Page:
John Hagel and John Seely-Brown have a new piece on CNN Money called “Welcome to the Hardware Revolution” that nicely highlights an issue I touched on yesterday: the limits that institutionalized power — or the ways we institutionalize power — can place on learning and innovation.
I suggested, in passing, that business organizations rely on hierarchical models of command-obedience in order to achieve efficiency; but that doesn’t always work to their advantage (and the performance advantage to be gained from scalable efficiency, Hagel and Seely-Brown have argued elsewhere, isn’t anywhere near what it used to be). What these companies may gain in efficiency they lose in creativity, learning and innovation.
Here is what Hagel and Seely-Brown have to say in their “Hardware Revolution” piece:
many of the executives we speak with list talent development and innovation as top priorities, but for all they push, progress remains a struggle. Part of the problem is that most businesses’ institutional structures, hierarchies, and cultures actually limit the connecting, exploration, tinkering, and improvisation that make learning and innovation possible.
Increasingly, the sharing of ideas and new developments are taking place outside big companies or officially sanctioned workflows and processes, in what Hagel and Seely-Brown call “creation spaces.” These are spaces — communities, networks and cultures — conducive to what Illich would call conviviality: places real or virtual, open and decentralized, where people congregate to share tools and experiment together, learn from one another, try new things, and be part of a community of people with shared interests.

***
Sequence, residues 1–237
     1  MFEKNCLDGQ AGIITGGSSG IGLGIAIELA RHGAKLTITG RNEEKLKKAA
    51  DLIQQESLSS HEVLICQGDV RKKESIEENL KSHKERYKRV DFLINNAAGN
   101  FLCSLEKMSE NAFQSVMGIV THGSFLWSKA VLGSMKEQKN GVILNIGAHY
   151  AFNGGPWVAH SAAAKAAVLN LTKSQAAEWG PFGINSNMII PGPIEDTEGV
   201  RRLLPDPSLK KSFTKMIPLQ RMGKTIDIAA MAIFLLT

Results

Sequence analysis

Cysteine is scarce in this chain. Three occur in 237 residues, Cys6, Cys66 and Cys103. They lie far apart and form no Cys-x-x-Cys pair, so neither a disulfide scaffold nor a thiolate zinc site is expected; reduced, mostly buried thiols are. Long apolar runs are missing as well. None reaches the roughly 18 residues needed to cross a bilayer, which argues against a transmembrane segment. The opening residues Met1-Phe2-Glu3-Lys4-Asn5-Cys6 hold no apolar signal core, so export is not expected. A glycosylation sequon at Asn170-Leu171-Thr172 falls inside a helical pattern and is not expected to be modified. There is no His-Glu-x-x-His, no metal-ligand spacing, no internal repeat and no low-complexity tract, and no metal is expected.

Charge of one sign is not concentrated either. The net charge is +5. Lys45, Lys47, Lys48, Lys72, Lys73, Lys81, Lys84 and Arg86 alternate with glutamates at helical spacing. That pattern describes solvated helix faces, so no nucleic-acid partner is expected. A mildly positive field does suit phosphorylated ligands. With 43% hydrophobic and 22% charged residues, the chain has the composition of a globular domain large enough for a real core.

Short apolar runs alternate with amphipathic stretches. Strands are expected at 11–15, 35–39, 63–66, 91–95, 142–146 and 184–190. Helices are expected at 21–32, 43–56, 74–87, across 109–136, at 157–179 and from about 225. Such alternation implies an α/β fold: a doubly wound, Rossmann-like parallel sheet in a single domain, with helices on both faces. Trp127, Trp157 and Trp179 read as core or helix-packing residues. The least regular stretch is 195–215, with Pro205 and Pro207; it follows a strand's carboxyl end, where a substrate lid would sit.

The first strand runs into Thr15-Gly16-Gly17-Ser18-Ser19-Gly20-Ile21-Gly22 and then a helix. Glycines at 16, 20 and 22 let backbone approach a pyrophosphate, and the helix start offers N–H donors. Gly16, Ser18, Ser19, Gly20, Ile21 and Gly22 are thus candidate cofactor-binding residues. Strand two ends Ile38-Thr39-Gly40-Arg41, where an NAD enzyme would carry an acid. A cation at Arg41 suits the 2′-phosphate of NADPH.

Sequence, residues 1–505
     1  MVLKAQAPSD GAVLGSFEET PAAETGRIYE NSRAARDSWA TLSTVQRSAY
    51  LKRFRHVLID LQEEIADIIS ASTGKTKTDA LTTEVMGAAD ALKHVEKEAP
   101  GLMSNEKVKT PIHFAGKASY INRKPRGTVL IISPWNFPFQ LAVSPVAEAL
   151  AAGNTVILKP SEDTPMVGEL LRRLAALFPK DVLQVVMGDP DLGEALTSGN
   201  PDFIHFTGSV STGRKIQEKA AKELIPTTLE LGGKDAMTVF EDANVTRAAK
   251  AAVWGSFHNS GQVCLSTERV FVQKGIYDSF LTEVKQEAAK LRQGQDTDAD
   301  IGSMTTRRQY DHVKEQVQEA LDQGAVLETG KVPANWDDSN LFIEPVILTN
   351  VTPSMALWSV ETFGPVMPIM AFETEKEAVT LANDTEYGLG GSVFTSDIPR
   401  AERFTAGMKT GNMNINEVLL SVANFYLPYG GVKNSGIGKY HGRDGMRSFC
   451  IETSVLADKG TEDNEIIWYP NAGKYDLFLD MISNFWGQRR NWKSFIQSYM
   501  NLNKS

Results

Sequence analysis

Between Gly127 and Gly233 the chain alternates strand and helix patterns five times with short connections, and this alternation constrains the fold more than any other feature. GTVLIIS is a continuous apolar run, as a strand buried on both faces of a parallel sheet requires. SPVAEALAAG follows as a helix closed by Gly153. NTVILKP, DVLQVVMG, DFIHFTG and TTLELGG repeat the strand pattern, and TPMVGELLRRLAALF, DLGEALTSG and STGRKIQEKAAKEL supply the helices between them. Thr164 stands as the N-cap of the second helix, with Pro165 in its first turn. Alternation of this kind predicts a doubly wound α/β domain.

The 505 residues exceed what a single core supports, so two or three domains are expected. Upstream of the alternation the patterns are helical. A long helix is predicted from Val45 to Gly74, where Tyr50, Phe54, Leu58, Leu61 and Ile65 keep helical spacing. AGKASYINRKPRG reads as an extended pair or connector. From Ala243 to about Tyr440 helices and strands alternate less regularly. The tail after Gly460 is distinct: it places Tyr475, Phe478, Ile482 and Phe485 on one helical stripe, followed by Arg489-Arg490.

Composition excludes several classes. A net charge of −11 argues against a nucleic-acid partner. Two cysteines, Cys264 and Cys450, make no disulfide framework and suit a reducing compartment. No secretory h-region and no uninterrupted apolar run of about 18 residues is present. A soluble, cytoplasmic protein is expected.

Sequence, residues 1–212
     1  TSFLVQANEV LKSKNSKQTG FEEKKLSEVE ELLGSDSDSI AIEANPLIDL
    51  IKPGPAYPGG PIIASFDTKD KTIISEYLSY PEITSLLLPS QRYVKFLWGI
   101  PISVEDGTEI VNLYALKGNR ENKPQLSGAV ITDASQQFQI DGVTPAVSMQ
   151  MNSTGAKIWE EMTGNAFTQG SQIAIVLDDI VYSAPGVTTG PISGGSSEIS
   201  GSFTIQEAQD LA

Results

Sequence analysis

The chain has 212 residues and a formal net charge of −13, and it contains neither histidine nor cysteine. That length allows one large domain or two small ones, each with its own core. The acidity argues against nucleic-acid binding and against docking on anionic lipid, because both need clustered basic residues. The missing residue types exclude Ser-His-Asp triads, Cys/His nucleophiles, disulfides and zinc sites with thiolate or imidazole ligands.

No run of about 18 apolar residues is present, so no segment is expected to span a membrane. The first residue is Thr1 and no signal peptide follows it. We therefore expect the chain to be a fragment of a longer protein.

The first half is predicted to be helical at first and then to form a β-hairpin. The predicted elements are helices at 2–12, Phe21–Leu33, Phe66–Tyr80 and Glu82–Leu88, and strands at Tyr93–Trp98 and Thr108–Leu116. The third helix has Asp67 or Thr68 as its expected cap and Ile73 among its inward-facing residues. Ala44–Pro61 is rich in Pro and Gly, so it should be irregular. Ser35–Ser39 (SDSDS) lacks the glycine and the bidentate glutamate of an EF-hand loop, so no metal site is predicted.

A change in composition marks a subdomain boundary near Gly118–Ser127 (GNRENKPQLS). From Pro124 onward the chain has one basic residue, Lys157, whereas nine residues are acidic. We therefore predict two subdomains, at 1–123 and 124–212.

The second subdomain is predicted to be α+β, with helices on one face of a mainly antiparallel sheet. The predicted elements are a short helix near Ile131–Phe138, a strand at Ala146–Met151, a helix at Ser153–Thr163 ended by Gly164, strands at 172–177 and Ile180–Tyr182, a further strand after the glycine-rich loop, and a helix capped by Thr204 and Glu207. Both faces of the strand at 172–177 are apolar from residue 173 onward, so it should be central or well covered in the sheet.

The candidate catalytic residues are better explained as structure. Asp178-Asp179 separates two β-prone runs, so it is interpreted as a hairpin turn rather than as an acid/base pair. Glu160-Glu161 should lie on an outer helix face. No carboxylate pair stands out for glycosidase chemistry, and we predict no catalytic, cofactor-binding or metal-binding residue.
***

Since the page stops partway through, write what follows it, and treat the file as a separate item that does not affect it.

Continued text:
The article goes on to recommend some basic questions business executives can ask themselves in order to improve their companies and move them toward creativity, or at least get their bearings. But there’s another question looming behind those: the question how (in a large and established organization) you go about institutionalizing the kind of practices you find in creation spaces. Eventually, something’s got to give; and if it comes down to a decision between preserving organizational hierarchies and legacy models of how stuff gets done or opening the doors to creativity — how many will choose the latter?
Maybe the choice is not as stark as my title makes it out to be. Let’s just say there are better ways to spur creativity than to command it.